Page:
Word Etymologies: The Greek and Latin Roots of English
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|Course Dates||Weeks||Meeting Times||Status||Instructor(s)||CRN|
|June 30, 2014 - July 11, 2014||2||M-F 12:45-3:35P||Open||Robin McGill||10003|
What do the SAT and the application essay have in common? Both offer opportunities for the word-smith to shine: both rely on choosing the right words and understanding them in context. Expanding your vocabulary can also improve success in college, especially if you are intending to major in a STEM field, medicine, or law, which have highly specialized vocabularies based on Greek and Latin word roots. Finally, the word-smith will gain tools for developing a deeper appreciation of literature, as well as a facility with linguistic and grammatical concepts that will serve her well in the study of foreign languages.
This course is designed for aspiring word-smiths to increase their grasp of English vocabulary by focusing on the Latin and Greek roots of the English language. Building on the foundation of words you already know, you will learn techniques for identifying the core meaning of complex words and recognizing differences in meaning between similar words. Critical reading exercises will help you become comfortable reading books and periodicals with more challenging vocabulary, and composition exercises will help you develop the confidence to incorporate more sophisticated words into your writing.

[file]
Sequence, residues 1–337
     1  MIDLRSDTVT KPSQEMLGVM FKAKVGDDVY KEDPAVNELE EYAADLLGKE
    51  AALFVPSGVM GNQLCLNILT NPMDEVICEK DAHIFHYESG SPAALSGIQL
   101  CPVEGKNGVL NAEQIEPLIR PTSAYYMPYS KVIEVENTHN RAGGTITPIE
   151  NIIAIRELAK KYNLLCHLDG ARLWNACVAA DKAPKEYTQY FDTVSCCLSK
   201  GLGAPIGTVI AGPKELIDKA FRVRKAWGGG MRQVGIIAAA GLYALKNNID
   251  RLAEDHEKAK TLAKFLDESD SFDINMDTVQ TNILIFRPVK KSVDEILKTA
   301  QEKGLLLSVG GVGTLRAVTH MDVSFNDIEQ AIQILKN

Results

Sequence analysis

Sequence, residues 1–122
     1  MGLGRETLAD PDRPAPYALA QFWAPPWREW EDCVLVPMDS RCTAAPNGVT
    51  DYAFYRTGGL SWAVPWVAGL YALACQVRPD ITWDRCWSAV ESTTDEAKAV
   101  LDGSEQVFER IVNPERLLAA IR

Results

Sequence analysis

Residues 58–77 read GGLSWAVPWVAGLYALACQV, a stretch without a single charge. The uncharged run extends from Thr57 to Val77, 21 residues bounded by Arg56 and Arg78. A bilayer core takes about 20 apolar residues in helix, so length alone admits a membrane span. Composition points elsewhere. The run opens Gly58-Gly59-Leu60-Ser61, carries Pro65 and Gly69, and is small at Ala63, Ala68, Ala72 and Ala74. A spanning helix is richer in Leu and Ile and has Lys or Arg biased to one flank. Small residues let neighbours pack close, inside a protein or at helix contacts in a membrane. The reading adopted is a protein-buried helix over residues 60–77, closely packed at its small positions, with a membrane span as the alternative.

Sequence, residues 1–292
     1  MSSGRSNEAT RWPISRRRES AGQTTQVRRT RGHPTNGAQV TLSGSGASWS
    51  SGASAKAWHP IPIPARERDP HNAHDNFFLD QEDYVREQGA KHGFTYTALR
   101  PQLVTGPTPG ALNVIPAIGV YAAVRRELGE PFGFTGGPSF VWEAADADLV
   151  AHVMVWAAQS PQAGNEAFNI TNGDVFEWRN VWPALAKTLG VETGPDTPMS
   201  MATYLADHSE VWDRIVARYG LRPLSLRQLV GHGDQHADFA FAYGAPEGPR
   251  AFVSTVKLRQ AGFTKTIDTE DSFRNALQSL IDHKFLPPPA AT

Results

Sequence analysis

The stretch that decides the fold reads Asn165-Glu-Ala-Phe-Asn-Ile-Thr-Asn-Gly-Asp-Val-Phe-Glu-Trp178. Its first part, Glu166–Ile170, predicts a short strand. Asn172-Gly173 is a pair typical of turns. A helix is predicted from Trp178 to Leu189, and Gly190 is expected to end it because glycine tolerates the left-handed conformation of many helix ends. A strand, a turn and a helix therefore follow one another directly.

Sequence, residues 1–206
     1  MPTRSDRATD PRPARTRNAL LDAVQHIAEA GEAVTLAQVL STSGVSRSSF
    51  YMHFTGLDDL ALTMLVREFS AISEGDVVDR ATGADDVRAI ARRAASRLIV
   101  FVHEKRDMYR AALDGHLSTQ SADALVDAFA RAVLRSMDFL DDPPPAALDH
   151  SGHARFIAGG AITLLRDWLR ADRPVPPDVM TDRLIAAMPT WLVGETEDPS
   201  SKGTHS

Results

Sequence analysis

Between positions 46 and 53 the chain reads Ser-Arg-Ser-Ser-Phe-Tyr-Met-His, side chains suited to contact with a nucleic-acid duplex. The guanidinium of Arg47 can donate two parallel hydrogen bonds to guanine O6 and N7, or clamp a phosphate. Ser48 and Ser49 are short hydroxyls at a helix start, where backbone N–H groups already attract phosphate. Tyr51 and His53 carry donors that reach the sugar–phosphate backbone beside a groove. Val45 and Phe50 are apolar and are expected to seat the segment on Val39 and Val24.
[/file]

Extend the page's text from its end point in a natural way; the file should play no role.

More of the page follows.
By the end of the course, the fully trained word-smith will be able to comprehend new words at sight (especially helpful on the critical reading section of the SAT and other standardized tests), select the right expression for any situation (#essaytime), and offer delightfully unsolicited information on the origin of words.
No prerequisites, but those with years of study in Latin or Greek may find the material familiar.